No-Return Policy

Long-story-short, and for personal reasons I do not wish to publicly divulge, I have left Mexico and am back in Indiana. It has been nearly a month since my return, and I am still ‘coming down’…so to speak. Having the experience of living in Mexico absolutely changed me in ways I could never have predicted. Obviously, I have known for my whole life that I am of Mexican descent. But, having only recently become acquainted with my father, who is the hispanic bloodline, I have never personally known the culture in any way. I was raised white. I grew up in small-town, white, rural Virginia. I attended a primarily white school. My family was white. As far as I knew, I was also white. I took no notice of my own skin color; I didn’t know to. It wasn’t until a couple of years after high school, and an unpleasant interaction with a racist old man at an ice cream shop that I began to develop awareness of my melanic differences. Looking back, I am astonished that it took so long. What does this have to do with living in Mexico? Well, I’ll get there.

Knowing I am of Mexican descent fostered an extreme curiosity for Mexican culture from a very young age. And as soon as I could, I enrolled myself in Spanish classes in eighth grade. I wanted to be as close to my inherited culture as possible, and in white America, this was the only way I knew to do it. Fast-forward fourteen years (Jesus Christ…) and I would find myself living and speaking “the dream.” I felt an instant connection with the city, the people, the food, and the culture. Following my dramatic “coming out” period, I came to feel comfortable in my own skin, and surrounded by a community in which I believed I belonged. But I definitively had not experienced a sense of belonging like I had while living in Mexico. For the first time in my life, no matter where I looked, everyone looked just like me. There was a bit of a language barrier, for sure. American public school Spanish will only get you so far, no matter how long you’ve studied (for me, it was five years). But I caught on quickly and was able to effectively live. You know, adulty things like paying bills, conversations with utility companies, store clerks, my landlady, and of course shoppppingggg and ordering foooood. I assimilated very easily. What was especially interesting to me, however, was how automatically each person I encountered expected me to be Mexican: to speak fluent Spanish, to understand the nuances of the language and culture. And even more strangely, when I was not up to the task, I was not met with the anticipated “learn the language, go back to where you came from, foreigners are ruining this country, etc.” rhetoric one so often hears in America. Instead, I was just met with confusion. “You’re not from here??” Nope. I moved here from Indiana. “Seriously?” Yup. Maybe it was because their opinion of my Spanish was much higher than my own, but let’s just call a spade a spade, shall we? I’m brown. Seven months of given acceptance, I had grown such an intense sense of public comfort that I did not know could exist for me. And I’ll tell you, that made for a doozy of an experience coming back, as well.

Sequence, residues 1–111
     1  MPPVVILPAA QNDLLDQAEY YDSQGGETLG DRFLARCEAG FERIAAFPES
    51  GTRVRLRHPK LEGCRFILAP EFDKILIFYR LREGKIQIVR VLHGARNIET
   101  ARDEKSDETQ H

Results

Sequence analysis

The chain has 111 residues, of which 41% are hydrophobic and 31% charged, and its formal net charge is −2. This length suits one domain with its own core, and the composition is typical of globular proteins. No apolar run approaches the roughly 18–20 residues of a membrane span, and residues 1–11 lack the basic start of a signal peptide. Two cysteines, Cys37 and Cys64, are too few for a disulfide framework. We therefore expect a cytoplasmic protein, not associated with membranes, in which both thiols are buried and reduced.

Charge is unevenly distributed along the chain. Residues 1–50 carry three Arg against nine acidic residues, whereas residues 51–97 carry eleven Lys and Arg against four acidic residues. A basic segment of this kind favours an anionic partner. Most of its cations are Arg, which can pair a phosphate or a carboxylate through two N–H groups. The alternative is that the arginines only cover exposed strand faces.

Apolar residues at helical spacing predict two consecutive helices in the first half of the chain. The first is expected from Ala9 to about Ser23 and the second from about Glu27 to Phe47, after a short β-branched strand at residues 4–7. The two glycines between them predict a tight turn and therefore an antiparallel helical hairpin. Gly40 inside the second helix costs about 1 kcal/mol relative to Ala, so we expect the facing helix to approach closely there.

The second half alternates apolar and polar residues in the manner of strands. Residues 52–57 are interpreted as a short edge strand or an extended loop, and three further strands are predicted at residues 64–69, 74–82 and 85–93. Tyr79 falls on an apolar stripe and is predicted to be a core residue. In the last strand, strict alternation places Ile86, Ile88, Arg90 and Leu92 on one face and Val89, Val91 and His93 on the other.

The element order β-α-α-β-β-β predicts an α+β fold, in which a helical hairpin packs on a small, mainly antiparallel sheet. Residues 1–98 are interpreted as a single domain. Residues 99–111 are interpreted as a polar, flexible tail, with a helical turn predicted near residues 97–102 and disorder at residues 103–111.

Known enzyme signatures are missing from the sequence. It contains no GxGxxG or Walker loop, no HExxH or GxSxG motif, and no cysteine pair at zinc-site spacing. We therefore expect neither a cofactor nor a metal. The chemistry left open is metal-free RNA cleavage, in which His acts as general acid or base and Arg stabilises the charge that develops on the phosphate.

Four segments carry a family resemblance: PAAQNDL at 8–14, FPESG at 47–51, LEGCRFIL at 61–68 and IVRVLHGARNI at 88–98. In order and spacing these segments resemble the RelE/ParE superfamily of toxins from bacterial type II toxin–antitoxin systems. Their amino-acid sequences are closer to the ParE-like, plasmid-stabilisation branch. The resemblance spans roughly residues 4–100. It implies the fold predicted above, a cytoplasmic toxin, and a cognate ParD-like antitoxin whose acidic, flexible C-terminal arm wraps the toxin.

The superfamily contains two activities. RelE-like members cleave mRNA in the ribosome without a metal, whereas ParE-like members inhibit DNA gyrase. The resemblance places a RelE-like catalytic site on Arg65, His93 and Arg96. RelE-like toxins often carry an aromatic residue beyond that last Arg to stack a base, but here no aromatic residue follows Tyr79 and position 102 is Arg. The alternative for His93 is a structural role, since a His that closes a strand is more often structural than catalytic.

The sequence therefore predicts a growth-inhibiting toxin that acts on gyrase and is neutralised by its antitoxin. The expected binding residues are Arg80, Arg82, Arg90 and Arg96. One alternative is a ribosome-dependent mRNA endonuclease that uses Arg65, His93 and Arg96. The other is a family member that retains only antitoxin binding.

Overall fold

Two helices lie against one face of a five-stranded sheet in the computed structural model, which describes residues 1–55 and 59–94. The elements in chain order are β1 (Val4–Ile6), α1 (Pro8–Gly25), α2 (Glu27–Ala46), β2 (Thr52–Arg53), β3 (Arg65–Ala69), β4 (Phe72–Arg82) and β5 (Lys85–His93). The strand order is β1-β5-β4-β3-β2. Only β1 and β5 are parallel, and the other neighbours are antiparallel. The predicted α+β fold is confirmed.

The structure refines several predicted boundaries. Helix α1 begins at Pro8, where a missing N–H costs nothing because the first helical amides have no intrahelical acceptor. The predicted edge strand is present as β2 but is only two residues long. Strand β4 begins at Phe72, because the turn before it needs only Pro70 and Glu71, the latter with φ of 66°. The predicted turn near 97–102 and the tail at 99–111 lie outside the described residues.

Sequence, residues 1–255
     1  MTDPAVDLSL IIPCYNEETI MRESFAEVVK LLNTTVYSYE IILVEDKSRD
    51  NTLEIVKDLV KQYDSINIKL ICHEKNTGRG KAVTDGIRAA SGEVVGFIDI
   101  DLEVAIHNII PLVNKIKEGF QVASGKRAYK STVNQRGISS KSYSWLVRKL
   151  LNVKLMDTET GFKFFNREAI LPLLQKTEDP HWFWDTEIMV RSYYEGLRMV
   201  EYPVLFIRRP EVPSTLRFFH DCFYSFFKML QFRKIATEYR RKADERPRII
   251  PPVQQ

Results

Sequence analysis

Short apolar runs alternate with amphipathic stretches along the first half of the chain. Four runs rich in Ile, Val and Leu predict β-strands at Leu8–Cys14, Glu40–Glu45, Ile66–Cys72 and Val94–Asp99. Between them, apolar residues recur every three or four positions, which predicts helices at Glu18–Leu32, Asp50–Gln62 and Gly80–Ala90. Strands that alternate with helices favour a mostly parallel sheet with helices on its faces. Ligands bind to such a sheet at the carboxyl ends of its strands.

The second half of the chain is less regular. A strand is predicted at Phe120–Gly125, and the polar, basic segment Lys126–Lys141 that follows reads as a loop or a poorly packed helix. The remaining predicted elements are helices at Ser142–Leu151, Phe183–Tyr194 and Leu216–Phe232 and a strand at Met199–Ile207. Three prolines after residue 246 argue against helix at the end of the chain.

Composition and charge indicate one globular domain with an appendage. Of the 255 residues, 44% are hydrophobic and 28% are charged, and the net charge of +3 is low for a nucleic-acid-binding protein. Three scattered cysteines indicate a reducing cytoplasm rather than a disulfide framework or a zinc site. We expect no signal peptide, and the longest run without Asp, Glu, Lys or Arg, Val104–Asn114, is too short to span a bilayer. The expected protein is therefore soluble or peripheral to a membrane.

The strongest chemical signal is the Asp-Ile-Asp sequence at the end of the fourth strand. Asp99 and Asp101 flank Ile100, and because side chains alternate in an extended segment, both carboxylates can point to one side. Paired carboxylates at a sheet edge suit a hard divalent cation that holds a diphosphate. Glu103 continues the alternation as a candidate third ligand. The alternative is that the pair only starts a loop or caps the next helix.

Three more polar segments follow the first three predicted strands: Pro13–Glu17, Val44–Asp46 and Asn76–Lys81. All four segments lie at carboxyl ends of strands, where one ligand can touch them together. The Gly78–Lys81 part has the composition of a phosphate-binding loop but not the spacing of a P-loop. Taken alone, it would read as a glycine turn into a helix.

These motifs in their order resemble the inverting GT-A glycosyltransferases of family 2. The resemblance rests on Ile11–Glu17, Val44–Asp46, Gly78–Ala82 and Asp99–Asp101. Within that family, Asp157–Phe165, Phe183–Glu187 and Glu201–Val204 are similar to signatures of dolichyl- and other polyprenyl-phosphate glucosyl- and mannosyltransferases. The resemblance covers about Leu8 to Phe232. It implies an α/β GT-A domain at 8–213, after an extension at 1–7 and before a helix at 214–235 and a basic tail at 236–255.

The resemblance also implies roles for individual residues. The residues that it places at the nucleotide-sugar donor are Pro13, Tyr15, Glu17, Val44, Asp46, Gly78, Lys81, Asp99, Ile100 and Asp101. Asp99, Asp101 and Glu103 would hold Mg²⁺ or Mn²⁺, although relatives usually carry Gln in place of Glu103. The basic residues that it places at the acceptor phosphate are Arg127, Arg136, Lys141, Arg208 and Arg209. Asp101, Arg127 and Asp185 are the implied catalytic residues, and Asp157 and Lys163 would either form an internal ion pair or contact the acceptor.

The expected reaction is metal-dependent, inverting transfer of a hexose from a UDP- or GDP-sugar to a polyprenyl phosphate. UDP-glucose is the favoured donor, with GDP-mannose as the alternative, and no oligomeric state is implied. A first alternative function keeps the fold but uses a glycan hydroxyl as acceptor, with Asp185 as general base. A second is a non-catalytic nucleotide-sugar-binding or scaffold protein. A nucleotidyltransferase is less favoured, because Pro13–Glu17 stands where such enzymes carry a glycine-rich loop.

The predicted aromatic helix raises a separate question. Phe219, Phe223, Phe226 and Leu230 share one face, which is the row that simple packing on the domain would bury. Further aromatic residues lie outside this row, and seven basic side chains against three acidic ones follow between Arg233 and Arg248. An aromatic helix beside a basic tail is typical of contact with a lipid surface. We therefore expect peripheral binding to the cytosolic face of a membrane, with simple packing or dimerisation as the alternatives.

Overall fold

The most interesting part of all of this is that, the person who stepped onto the plane in Guadalajara was not the same person who stepped off in Atlanta, Georgia. At least, not as perceived by the general public. And I was painfully aware of this. I felt every stare, heard every murmur, and could feel the “shock” of those around me as I stepped into the “US-Passport” line at customs. I went from feeling — being confident, self-assured in my surroundings to feeling almost embarrassed, just for being brown (even more brown than when I left, because the weather in Guadalajara is chronically beautiful). I found myself keeping my head down, making as little direct eye-contact as possible. I was sweating with intense, irrational fear that the customs officer…agent…whatever their title is, would sniff me out as an immigrant and fabricate some reason to prevent my entry into the United States. I made huge efforts in my speech to speak as clearly and intelligently as humanly possible. I sported this huge (yuge) false smile, baring a mouth-full of pearly whites for all to see. And, even though I made it through completely unscathed, I still expected to encounter some kind of trouble for hours following. The first week back was the weirdest, feeling like a stranger in your own home. Overcompensating, overemphasizing your “white-ness” to detract from the “brown-ness”; feeling like a foreigner in literally the only land you had evscreen-shot-2017-01-18-at-2-41-33-amer walked until you left. It was very bizarre.